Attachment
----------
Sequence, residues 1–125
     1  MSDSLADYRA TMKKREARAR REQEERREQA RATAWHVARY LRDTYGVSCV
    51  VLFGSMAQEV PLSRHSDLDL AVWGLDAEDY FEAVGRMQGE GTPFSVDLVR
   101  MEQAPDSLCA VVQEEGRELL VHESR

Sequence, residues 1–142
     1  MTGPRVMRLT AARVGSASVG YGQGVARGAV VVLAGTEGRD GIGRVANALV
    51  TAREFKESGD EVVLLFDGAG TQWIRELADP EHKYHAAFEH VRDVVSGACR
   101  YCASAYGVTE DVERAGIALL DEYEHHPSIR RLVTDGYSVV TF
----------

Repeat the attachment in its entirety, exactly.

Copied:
Sequence, residues 1–125
     1  MSDSLADYRA TMKKREARAR REQEERREQA RATAWHVARY LRDTYGVSCV
    51  VLFGSMAQEV PLSRHSDLDL AVWGLDAEDY FEAVGRMQGE GTPFSVDLVR
   101  MEQAPDSLCA VVQEEGRELL VHESR

Sequence, residues 1–142
     1  MTGPRVMRLT AARVGSASVG YGQGVARGAV VVLAGTEGRD GIGRVANALV
    51  TAREFKESGD EVVLLFDGAG TQWIRELADP EHKYHAAFEH VRDVVSGACR
   101  YCASAYGVTE DVERAGIALL DEYEHHPSIR RLVTDGYSVV TF